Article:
March 28, 2014

Cornucopia / Cynthia Dewes

Lent is for all of us because nobody’s perfect

Cynthia DewesLent always coincides more or less with the season of spring. That may be hard to believe, considering the winter we’ve had, but it’s true, nevertheless. We’re now in the seasons of Lent and spring.

We tend to think of Lent as a time of penance, which it is. But it’s also a time for new beginnings—although I cringe at that redundant phrase. Lent is the time to reflect on where we are on our spiritual journey. As we think about Jesus’ progress toward his inevitable fate, we can’t help but think about ours as well. And penance is certainly part of that progress.

Probably, most of us are not big-time sinners. We don’t rape, murder or rob banks. But if we are honest, we may admit that we’ve taken advantage of someone else, gossiped in a way that could damage a reputation, or cheated on our income tax.

Or maybe not. Maybe we’ve been generally good boys and girls. We’ve maintained good reputations and the respect of others. Maybe we’ve achieved positions of honor or authority or widespread influence. But as we all know, nobody’s perfect. That’s when we realize that we all sin in some way because we’re human.

The Goody Two-shoes among us may not do terrible things, but they probably know in their hearts they’ve experienced envy or contempt for another at some point. We’ve all been greedy sometimes, or at least felt the desire to eat too much, to accumulate money and things we don’t need, or to try to “best” a rival.

During Lent, we’re taking inventory on “what we have done and what we have failed to do,” and we’re asking forgiveness. But Lent, like spring, is the time to recover from the death of winter and sin. It’s time to renew, to blossom, to thrive in the sunshine of God’s love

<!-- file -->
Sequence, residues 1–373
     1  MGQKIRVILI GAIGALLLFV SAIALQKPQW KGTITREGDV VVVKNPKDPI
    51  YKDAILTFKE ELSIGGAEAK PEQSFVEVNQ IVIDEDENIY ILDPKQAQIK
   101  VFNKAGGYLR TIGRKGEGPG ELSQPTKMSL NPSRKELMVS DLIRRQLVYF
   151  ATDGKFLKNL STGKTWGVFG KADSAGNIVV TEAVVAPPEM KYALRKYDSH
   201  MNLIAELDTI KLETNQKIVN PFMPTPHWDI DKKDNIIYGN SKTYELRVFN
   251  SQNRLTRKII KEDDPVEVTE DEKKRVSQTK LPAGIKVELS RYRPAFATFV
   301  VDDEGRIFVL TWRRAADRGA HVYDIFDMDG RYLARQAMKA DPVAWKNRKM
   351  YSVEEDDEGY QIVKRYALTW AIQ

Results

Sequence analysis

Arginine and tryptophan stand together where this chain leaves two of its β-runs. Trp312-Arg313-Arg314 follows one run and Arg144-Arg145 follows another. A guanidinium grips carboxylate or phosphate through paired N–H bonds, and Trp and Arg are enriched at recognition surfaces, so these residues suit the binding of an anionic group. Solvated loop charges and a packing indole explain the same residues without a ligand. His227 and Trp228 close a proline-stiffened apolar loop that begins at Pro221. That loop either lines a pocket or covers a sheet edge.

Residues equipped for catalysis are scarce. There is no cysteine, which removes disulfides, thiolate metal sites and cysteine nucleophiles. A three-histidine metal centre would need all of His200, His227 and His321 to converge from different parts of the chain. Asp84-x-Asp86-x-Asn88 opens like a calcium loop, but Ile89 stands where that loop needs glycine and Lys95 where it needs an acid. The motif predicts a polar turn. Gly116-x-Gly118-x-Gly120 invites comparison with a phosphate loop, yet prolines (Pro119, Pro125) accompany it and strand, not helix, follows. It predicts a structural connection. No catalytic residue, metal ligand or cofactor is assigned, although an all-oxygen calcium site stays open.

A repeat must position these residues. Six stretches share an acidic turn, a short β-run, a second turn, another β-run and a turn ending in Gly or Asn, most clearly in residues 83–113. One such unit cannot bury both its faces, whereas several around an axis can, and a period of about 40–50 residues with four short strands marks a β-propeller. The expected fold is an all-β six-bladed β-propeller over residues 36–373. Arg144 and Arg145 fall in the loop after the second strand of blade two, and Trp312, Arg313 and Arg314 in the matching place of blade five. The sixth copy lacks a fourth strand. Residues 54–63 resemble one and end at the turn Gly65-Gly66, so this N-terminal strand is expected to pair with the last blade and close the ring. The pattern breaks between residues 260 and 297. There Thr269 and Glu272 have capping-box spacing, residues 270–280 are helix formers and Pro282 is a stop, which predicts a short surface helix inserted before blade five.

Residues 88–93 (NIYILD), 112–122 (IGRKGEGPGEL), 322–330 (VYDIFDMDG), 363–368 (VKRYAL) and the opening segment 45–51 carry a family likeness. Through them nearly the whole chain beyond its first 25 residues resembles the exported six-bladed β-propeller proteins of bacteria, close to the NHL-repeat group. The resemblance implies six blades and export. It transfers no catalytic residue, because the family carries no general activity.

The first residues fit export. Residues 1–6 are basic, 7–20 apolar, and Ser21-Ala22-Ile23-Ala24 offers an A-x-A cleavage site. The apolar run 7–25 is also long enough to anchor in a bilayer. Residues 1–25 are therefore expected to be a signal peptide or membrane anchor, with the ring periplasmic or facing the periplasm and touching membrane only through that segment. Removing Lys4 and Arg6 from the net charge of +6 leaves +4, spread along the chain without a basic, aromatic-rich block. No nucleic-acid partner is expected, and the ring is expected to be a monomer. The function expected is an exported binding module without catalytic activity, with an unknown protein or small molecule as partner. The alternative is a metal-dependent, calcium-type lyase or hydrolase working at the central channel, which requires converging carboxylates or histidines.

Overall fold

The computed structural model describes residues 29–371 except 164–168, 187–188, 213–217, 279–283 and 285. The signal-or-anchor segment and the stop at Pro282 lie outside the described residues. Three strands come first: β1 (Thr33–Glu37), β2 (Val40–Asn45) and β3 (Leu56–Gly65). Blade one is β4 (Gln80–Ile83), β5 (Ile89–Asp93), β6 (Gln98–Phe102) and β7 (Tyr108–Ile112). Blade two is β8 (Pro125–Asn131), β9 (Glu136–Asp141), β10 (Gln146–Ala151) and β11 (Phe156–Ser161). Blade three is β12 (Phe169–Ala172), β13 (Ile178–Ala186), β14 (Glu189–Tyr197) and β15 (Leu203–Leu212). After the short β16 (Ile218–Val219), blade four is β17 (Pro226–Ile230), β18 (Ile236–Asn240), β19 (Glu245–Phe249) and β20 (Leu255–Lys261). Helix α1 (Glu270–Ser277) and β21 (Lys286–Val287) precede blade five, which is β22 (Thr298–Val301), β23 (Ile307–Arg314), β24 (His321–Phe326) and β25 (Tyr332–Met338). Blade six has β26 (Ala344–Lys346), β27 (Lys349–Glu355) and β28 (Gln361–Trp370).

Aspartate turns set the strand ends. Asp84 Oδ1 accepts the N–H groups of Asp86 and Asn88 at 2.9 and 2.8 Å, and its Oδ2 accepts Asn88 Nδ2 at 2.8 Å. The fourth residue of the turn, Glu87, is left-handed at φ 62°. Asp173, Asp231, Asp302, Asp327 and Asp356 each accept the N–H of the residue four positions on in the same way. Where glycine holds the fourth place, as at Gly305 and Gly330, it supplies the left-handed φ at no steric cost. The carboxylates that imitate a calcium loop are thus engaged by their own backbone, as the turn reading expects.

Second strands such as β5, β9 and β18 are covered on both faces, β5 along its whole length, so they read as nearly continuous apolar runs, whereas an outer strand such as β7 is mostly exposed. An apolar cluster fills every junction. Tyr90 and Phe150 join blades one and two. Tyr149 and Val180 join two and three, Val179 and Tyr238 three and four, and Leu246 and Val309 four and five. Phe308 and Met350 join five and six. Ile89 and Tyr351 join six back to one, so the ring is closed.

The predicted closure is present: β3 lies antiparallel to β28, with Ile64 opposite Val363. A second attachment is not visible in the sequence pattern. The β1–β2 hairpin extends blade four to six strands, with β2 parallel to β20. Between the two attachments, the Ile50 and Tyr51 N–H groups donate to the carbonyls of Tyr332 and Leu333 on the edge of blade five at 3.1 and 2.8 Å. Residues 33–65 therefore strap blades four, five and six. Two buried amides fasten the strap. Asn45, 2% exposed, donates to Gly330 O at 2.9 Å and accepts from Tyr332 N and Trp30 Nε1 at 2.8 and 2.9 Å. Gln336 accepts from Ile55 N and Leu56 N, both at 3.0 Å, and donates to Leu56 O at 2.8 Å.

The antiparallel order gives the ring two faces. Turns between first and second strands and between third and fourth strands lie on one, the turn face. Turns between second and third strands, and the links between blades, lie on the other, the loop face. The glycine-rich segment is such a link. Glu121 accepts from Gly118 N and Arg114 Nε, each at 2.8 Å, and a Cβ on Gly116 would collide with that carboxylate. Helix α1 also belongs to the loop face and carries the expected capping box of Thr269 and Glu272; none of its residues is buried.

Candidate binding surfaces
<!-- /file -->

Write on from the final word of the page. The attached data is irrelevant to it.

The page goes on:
Traditionally, during Lent we also increase our almsgiving and prayer. The Church helps us do these with Lenten services and special missions and opportunities to contribute to worthy charities. We are also encouraged to fast, meaning we eat only three basic meals per day, give up meat on Fridays and other special days, and eliminate consumption of luxury foods and alcohol.

What really matters in all these practices is our motive in doing them. We’re not in a contest, obsessing on minutiae like how much food we’re putting on the plate or how many times we’ve prayed the rosary. At least, we shouldn’t be.

If we’re struggling to get up early or stay after work in order to attend daily Lenten Masses, and resenting every moment of it, what value has that? Or if we’re crabby because we’re hungry, complaining about tuna fish casserole yet again, where’s the virtue in it? What matters is that in doing these things we’re reflecting on the values they represent: moderation and self-denial, sharing with the poor, taking more time to listen to God.

This is where the scriptural admonitions kick in, to look cheerful and wash your face when fasting; or to give so generously that your right hand doesn’t know what your left hand is doing; or to pray privately rather than stand in front of the altar with your prayer tassels prominently displayed.

It seems to me that Lent is a happy time because it is preparation for a happy ending—a really happy ending in Resurrection and eternal life.
 

(Cynthia Dewes, a member of St. Paul the Apostle Parish in Greencastle, is a regular columnist for The Criterion.)

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